Kiri Allan has given an update on her cancer treatment, revealing it hasn't all been smooth sailing.
The Labour MP, whose ministerial portfolios include conservation and emergency management, was diagnosed with stage 3 cervical cancer in April.
In a video posted to Facebook on Wednesday she explained that after facing delays, this week of treatment is "hopefully" her last.
"We're on week nine of treatment now. Had a few delays thanks to my bloods and immunity being a bit low," she told supporters from her hospital bed.
Allan said her hospital team had "worked out a fix around that now" and she was "on the home stretch".
"Hopefully this is the last week of treatment before I get to go home back to my own bed."
Allan has used her diagnosis to raise awareness about the importance of regular pap smears and the inequality in New Zealand's health care which means Māori women are three times more likely to die from cervical cancer.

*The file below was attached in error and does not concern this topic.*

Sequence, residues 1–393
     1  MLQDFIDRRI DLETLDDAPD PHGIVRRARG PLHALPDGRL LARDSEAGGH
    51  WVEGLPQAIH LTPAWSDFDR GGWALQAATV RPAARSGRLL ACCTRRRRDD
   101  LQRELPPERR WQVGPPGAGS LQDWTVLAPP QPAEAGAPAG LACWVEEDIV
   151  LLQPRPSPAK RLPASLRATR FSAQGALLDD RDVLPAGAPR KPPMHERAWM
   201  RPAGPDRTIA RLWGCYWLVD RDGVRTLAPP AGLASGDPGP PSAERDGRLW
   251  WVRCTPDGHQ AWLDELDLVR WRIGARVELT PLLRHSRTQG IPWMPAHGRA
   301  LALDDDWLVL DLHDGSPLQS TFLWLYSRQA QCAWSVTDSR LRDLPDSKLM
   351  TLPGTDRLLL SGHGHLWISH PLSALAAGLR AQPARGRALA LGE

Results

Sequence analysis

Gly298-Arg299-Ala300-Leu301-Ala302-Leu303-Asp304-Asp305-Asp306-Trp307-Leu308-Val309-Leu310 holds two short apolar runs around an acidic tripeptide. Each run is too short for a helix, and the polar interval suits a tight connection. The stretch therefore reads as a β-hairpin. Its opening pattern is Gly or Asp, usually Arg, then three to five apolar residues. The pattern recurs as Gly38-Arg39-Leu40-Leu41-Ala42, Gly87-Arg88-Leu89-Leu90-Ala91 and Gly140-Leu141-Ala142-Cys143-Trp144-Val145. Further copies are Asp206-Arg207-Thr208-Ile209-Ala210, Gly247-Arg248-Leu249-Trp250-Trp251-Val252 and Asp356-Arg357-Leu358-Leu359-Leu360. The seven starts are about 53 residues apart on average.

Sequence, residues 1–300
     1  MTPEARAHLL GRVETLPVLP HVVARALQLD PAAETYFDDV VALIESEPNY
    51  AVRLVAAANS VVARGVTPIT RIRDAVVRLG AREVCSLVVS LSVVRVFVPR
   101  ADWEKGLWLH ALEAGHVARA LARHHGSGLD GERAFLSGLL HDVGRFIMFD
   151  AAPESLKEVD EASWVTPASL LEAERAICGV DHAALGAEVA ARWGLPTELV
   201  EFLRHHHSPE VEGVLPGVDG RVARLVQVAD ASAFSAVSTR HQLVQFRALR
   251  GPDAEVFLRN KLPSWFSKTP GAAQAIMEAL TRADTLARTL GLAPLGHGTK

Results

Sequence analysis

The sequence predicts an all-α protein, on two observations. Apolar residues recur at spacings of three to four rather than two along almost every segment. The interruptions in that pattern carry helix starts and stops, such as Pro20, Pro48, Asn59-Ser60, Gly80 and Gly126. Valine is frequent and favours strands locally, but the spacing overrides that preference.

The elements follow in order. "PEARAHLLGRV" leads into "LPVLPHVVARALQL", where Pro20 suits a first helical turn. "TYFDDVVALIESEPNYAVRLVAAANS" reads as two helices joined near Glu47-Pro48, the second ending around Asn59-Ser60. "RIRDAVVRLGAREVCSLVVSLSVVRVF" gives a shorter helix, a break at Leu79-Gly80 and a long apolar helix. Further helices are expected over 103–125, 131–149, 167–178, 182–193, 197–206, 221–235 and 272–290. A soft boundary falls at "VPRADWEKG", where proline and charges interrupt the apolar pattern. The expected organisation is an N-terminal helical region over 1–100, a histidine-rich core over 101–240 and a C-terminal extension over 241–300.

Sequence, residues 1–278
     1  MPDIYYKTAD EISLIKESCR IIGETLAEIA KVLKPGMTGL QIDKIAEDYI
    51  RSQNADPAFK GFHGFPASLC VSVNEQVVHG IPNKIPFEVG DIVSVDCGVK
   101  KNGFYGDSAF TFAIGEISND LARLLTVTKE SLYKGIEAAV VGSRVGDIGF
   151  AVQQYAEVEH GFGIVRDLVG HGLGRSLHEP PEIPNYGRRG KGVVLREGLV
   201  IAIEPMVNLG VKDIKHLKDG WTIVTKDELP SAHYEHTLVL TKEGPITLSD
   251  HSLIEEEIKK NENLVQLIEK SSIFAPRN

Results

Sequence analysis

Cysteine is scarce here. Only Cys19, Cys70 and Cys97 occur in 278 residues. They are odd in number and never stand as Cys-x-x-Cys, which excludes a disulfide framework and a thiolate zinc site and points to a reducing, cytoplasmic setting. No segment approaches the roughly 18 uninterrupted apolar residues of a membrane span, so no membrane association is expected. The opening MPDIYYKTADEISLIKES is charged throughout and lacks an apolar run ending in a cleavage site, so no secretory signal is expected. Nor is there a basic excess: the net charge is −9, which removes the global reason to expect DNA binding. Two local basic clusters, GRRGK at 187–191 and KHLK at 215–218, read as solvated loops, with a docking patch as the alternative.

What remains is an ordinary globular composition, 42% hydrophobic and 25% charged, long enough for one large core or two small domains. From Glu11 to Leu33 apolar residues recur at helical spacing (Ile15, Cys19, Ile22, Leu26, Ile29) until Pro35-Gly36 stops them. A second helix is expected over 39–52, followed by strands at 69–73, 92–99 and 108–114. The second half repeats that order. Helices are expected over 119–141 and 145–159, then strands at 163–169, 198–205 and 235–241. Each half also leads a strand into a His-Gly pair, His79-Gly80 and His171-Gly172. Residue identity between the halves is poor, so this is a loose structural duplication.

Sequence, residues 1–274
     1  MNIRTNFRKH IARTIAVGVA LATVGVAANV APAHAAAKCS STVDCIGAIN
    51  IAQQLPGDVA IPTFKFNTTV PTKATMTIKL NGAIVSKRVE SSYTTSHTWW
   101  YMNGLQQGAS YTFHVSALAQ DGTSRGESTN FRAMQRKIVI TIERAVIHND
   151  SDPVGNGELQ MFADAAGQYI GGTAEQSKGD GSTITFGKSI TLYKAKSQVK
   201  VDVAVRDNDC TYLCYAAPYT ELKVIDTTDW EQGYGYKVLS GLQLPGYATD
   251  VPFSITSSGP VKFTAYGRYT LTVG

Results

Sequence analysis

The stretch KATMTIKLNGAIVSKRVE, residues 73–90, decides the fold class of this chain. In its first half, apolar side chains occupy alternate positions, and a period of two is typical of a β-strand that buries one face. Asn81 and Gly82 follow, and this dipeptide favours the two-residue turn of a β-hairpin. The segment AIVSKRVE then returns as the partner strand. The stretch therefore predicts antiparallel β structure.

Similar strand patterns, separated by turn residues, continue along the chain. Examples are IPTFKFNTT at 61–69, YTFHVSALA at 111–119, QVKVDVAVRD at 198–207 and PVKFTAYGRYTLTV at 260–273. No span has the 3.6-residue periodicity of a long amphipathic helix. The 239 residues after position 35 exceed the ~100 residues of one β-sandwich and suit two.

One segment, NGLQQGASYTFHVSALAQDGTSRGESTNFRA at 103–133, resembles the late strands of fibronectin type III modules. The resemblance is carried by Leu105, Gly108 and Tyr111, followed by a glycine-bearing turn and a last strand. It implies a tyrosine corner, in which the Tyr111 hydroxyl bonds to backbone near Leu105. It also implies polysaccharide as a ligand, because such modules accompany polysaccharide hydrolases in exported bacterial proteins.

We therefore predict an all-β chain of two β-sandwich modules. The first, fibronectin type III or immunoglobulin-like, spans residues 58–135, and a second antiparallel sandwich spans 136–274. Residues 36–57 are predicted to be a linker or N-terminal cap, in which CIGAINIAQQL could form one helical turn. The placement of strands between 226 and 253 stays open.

In March she told The Hui she has just a 13 percent chance of surviving cervical cancer.
"When I got told that I had cervical cancer, they said for somebody with stage 3C you have a 40 percent chance of survival. As a wāhine Māori, I have about a 13.3 percent chance of survival.
"Do the maths on that. I don't know why that is, how that is, but it's wrong. The disparity is too much, people are dying far too young. This is a korero that needs to happen again and again and again."
In her update video on Friday she sent out words of thanks to those supporting her and encouragement to others going through difficult times.
"Just wanted to say thank you to all the people who continue to reach out and say g'day and touch base, it's super-nice getting messages from all over the country saying kia kaha.
"My response to anyone who is going through a bit of a rough time themselves, kia kaha whānau. Might be a little down one day but there's plenty more days to come where the sun will rise again, things will get a little better."